Off the coast of England, 1817
England was exactly the sort of place that didn’t realize how small it truly was. Colin Smith gave the spyglass a turn and looked again. The green jewel jutting from the gray ocean waves came sharply into focus. He grunted.
“We should dock within the hour,” Debananda Mukherjee, his business partner, remarked. “You must be happy to see England again, after seven years away.” He commandeered the spyglass and peered through it. “Your home is very green. I like it.”
Colin grimaced at the word. England was not his home. He had left it behind at the age of sixteen, after discovering that London was appallingly short on opportunities for the bastard son of a viscount and a lady’s maid. Since then, he had travelled extensively through Egypt and India, making his living as a guide and interpreter. He had no home, and that was how he preferred it.
Adventure, after all, could never be found when one was standing still.
“India is green, in parts,” he reminded his friend.
“Yes, and they are beautiful. I greatly miss the mangrove forests of Bangladesh, with the exception of pythons.” Deb lowered the spyglass abruptly. “But you said pythons are not found in England.”
“How can you doubt my word, Deb?” Colin placed a hand over his heart. “You wound me.”
“Because you said the same about Egypt, and that was a damned lie.”
“What would have been the point in telling you the truth? You would have spent the entire voyage miserable with nightmares. Instead, you had a pleasant journey with the peace of mind my lie provided you. You should thank me.”
Deb narrowed his ungrateful eyes. “Thank you? Had you told me, I would have spent the voyage preparing, not worrying. I would have sharpened my knife. At least my fear of pythons is rational. You are afraid of goats.”
“Only because they are not afraid of me, despite that I enjoy eating them. I find it deeply unsettling. They must know something I do not.”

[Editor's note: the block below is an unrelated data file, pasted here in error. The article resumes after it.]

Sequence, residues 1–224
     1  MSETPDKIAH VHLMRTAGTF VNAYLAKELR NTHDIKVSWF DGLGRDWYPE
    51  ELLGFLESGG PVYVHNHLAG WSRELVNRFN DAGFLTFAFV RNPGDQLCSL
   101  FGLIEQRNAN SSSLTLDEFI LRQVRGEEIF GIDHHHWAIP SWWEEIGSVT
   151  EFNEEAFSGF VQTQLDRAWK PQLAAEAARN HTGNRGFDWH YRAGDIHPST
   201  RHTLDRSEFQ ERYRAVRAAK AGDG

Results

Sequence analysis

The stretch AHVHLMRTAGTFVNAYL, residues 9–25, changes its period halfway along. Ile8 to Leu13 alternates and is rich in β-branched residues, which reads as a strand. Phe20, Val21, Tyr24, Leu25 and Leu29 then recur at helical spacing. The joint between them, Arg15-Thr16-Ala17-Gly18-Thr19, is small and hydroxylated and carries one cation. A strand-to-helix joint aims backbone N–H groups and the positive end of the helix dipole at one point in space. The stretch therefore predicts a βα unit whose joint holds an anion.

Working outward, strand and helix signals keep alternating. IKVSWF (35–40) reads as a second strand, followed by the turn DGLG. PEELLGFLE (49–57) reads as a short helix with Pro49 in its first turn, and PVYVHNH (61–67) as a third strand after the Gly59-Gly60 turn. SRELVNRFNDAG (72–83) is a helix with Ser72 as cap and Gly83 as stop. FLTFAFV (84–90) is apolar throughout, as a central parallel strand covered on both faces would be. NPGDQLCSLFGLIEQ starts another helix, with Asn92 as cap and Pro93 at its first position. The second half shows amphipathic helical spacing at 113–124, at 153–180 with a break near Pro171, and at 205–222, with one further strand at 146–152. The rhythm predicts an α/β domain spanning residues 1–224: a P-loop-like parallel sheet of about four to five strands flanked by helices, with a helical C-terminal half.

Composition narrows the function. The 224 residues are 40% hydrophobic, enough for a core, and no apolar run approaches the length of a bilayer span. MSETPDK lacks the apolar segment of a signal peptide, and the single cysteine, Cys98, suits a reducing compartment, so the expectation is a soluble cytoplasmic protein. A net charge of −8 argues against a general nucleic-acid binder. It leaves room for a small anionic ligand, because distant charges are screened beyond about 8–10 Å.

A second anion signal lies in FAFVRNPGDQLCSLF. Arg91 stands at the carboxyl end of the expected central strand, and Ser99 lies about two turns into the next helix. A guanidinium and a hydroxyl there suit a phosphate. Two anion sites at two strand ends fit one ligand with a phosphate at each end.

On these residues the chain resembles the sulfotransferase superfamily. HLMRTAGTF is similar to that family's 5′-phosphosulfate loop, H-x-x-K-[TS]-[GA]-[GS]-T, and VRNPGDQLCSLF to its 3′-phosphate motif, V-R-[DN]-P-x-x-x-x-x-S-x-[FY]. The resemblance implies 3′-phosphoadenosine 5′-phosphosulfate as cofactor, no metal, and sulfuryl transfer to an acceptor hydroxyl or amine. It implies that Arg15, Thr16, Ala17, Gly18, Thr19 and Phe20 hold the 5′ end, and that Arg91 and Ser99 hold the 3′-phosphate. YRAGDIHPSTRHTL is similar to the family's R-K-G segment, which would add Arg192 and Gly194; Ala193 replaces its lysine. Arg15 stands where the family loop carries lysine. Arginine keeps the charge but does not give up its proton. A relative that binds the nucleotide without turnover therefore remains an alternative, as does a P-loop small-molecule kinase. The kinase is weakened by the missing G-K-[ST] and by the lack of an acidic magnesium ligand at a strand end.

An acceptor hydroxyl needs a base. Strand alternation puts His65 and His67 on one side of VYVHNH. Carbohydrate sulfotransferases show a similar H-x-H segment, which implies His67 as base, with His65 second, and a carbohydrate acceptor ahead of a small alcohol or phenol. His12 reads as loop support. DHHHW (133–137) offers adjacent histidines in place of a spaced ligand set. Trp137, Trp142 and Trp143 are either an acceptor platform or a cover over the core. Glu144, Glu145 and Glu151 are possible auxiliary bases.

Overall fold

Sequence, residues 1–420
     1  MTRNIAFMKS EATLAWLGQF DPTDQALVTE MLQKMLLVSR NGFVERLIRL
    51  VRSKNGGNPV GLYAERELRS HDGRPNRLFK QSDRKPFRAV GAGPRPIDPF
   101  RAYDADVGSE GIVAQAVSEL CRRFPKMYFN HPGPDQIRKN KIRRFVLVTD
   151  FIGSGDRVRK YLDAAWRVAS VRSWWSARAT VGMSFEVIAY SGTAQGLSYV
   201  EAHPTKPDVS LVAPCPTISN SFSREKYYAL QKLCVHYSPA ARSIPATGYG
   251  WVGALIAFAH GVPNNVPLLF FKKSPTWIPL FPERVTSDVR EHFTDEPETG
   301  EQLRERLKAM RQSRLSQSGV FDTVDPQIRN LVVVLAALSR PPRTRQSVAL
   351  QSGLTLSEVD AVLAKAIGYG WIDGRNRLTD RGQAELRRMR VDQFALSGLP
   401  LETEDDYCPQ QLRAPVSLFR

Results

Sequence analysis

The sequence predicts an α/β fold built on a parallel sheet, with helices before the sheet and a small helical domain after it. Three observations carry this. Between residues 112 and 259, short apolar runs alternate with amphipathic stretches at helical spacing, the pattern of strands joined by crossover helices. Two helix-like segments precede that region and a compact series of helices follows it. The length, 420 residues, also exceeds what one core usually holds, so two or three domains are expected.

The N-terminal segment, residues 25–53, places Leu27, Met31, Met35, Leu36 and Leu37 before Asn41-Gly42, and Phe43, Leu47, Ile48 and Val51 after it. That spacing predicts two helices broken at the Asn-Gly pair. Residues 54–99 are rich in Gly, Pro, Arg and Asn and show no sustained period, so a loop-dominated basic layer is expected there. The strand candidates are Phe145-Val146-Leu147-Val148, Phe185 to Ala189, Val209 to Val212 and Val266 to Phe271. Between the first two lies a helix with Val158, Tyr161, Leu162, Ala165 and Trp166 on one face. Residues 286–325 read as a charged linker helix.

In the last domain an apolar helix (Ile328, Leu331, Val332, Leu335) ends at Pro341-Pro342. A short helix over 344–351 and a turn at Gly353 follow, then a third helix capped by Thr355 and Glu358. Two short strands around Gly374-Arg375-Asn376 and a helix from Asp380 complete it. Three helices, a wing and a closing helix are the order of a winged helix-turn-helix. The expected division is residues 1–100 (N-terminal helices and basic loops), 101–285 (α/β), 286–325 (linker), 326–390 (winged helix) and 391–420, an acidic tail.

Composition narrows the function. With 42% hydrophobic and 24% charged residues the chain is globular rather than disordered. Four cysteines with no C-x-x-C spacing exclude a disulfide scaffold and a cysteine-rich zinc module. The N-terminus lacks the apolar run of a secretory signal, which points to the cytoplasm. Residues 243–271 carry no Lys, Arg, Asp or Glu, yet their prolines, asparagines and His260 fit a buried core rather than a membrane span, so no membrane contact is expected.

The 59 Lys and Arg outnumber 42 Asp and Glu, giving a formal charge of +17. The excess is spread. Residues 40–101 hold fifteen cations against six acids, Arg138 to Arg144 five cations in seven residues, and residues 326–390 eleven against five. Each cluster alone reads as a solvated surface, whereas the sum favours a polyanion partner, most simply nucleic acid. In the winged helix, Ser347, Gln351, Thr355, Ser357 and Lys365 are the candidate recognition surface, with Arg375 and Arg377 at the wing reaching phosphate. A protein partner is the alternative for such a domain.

“A great many things, no doubt. Are there pythons in England, Colin?”
“No pythons, but you will find a great many vipers in the ton.” He spoke from experience. Not that he had ever been one of that crowd, thank God. He had been beneath their notice, for which he was eternally grateful, having seen firsthand what happened to those who weren’t. Like his mother.
“Those snakes are everywhere,” Deb said dismissively. “So long as their pocketbooks are full, their fangs don’t bother me.”
That was the plan. The beau monde had gone mad for all things Egyptian. The Marquess of Chatwell, in particular, was fond of vases and jewelry and anything else that had been buried with a body. With any luck, the marquess would be convinced to purchase Colin’s antiquities for an exorbitant sum...and perhaps he would fund their next adventure, as well.
“I’ve always wanted to see London,” Deb remarked, turning again to the spyglass.
They had meant to arrive at the height of the Season, but storms had thwarted their travel. Now it was August, and the Season had ended. Thankfully, Colin’s old friend, Nicholas Eastwood, had informed him before leaving Cairo eight months ago where Chatwell would be, if not in London. How Nick could predict the marquess’s movements was a mystery—as was how he had known Colin’s whereabouts to receive the letter in the first place.
It was better not to ask too many questions of Nick.
Colin cleared his throat. “About that. There’s been a slight change in plans. Chatwell is no longer in London. He’s taking the waters at Bath.”
“Taking the waters?” Deb asked blankly. “Taking them where?”
“Down his throat, more’s the pity. The water tastes and smells awful, but it’s thought to cure a whole host of ailments.”
“Well,” Deb said cheerfully, because Deb was always cheerful—unless a python was about. “Bath sounds like a fine place. It must be fine, for the marquess to stay. Have you been there?”
Colin shook his head. Why go to Bath? He imagined it was exactly like London, but smaller. Likely it was dirtier, too, despite the name.
Deb grinned. “It will be an adventure, then.”
“An adventure? In England?” Colin snorted derisively. “I promise you, there is no such thing.”